Marine Biology

, Volume 153, Issue 5, pp 769–778 | Cite as

Biodiversity of coastal polyclad flatworm assemblages in the wider Caribbean

  • Kate A. Rawlinson
Research Article


Polyclads are mobile predators and possibly an important functional component of hard substrate marine environments globally. To understand the natural patterns of spatial differences, polyclad assemblages were sampled in seven coastal regions across the wider Caribbean spanning 15° latitude and 24° longitude between May and June 2005 and May and September 2006. In total, 67 species in 28 genera and 17 families were recorded from 62 sites. Only two species were found in all surveyed regions, Melloplana ferruginea and Pseudoceros bicolor. Conversely, 41 species were restricted to one or two sites, and 34 species were represented by one or two individuals. The distribution and abundance of species varied between the two suborders. Cotyleans were most species rich and had a higher number of species of restricted range, while Acotylea showed a higher proportion of rare species; however, two species were highly abundant comprising over half of the individuals counted. In most habitats, polyclads were rare, but in some intertidal habitats two species, Styloplanocera fasciata and Boninia divae were densely aggregated and dominant members of the benthic epifauna. Alpha diversity was variable but showed no evidence of a relationship with latitude, longitude or depth. Beta diversity increased with the number of habitats sampled and was highest for cotyleans. Highest gamma diversity was recorded in Jamaica and the US Virgin Islands and was not significantly correlated to alpha diversity. Overall assemblages from the seven regions were similar, revealing faunal homogeneity across the wider region. Reef assemblages were distinct from other habitats dominated by species of the Cotylea. Reefs from Panama and the US Virgin Islands were the most species rich.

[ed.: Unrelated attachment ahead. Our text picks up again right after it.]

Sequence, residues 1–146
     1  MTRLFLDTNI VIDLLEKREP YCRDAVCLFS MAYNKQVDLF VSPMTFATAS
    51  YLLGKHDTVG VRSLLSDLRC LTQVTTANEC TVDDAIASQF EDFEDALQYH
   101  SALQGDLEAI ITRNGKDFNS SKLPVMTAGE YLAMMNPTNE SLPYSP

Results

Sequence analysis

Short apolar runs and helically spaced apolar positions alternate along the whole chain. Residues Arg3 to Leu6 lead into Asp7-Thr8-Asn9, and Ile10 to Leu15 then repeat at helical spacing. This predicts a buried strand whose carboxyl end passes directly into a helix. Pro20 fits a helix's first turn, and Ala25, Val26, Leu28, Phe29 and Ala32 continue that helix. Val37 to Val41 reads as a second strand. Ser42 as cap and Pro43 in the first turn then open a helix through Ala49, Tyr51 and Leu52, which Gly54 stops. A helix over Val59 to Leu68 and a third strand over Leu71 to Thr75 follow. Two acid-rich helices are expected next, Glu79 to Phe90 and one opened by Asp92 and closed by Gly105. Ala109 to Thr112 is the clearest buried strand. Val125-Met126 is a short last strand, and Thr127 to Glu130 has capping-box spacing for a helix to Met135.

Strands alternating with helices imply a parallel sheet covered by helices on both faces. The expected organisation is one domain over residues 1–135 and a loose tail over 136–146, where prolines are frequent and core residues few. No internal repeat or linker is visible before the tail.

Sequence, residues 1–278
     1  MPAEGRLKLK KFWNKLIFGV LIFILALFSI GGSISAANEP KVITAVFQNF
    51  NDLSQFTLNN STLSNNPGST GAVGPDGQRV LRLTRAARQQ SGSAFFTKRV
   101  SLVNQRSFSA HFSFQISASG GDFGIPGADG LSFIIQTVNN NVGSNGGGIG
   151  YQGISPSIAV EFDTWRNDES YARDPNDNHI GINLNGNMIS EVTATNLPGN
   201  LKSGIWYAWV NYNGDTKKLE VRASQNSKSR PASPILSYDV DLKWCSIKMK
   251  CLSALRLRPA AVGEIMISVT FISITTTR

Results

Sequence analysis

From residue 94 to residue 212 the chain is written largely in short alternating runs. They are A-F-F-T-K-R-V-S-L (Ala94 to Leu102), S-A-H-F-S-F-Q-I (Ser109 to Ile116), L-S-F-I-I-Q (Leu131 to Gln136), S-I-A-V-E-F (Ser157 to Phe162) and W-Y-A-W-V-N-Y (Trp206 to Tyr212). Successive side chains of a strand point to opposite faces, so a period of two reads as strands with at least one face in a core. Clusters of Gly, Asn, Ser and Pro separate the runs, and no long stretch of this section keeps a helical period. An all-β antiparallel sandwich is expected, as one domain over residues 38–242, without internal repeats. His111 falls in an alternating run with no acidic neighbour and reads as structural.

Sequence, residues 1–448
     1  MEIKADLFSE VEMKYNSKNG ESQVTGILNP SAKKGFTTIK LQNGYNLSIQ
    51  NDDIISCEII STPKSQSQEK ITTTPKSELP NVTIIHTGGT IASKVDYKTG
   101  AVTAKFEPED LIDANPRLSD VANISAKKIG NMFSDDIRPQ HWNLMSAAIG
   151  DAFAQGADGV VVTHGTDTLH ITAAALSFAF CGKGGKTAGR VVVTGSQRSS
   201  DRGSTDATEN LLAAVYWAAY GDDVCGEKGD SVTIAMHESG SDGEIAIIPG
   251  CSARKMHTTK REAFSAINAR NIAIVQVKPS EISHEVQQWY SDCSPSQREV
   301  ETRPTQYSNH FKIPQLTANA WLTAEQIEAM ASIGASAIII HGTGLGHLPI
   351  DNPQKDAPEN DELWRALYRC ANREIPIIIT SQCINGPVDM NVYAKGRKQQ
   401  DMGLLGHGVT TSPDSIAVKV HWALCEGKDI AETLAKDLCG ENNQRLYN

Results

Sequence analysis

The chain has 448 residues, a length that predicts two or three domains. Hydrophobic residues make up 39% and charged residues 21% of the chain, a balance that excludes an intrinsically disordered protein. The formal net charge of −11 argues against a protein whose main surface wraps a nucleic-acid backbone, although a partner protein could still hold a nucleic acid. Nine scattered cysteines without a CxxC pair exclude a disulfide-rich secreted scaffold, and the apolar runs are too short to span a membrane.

Species Richness Rocky Shore Alpha Diversity Species Turnover Reef Habitat 
These keywords were added by machine and not by the authors. This process is experimental and the keywords may be updated as the learning algorithm improves.



This work was supported by NSF grant DEB-0412932 to Marian Litvaitis, to whom I am very grateful to for making this study possible. I thank Sigmer Quiroga and Marcela Bolaños for identification of polyclads and discussion of ideas. I also thank Marcin Liana, Anne Dupont, Andrew Allan, Joseph Dunn for help in collection. The sampling of polyclads complies with the current laws of the countries in which they were collected. This study is Scientific Contribution No. 2346 from the New Hampshire Agricultural Experiment Station.

Supplementary material

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Copyright information

© Springer-Verlag 2007

Authors and Affiliations

  1. 1.Department of Zoology, Rudman HallUniversity of New HampshireDurhamUSA
  2. 2.Smithsonian Marine StationFort PierceUSA

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